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Italian expression of the day: ‘Mi va’

Italian expression of the day: 'Mi va'
Photo: Annie Spratt/Unsplash/Nicolas Raymond
Don't you fancy getting to grips with this casual phrase?

You’re probably already familiar with the Italian verb volere, to want.

-voglio/vorrei un caffe

-I want/I would like a coffee

But there are a few ways to tell people what you want (or don’t want) in Italian, and one you’ll hear used in informal situations is mi va.

The literal translation is “it goes to me”, but what it really means is “I feel like” or “I fancy”.

You’d normally use it when the mood strikes you, rather than when describing carefully thought-out plans.

-Mi va di mangiare una pizza

-I feel like eating a pizza

Or, if you change the pronoun, you can use it to suggest things to others:

-Ti va di prendere un caffè?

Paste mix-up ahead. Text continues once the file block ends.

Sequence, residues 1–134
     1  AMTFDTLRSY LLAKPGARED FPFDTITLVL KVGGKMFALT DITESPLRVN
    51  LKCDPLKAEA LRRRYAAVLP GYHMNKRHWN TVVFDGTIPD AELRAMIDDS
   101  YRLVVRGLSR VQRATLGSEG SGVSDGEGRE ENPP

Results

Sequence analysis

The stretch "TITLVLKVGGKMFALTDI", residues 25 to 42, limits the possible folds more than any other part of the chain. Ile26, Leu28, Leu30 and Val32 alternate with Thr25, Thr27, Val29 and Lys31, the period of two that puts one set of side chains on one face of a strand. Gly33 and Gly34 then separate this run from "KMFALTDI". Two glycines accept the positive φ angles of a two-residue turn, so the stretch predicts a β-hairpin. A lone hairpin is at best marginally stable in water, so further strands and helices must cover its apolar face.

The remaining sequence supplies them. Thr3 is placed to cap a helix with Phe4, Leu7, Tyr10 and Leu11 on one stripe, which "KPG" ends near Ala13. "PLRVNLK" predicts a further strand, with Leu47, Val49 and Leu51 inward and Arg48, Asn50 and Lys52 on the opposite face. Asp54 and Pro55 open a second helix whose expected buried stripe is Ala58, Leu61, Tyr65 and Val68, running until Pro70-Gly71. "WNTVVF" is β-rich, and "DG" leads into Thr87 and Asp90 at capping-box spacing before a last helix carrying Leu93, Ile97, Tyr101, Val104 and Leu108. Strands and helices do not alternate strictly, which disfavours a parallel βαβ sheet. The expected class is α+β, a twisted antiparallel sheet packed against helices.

-Do you fancy getting a coffee?

When used like that, it’s a more informal version of ti andrebbe.

It’s more common however to hear people use the negative form of mi va. For example:

-Non mi va di cucinare stasera

-I don’t feel like cooking this evening

– Non so se mi va di uscire

-I don’t know if I fancy going out

You can also use it as a casual way of saying you don’t want something. For example, to get rid of a pushy street vendor, a simple “allora, non mi va” would work.

You might also hear mi va used in phrases like:

-Posso fare quello che mi va

-I can do what I want

Try not to get it mixed up with mi sa, which means “it seems to me”, or ma va’, which means “No way!” or “Yeah right!”.

Mi va means much the same as ho voglia di (literally: “I have want of”, meaning “I feel like”.)

-Ho voglia di andare al centro stasera

-I feel like going into the centre this evening

So next time you need to tell someone what you want, you can use whichever phrase you feel like.

Do you have a favourite Italian word you’d like us to feature? If so, please email us with your suggestion.


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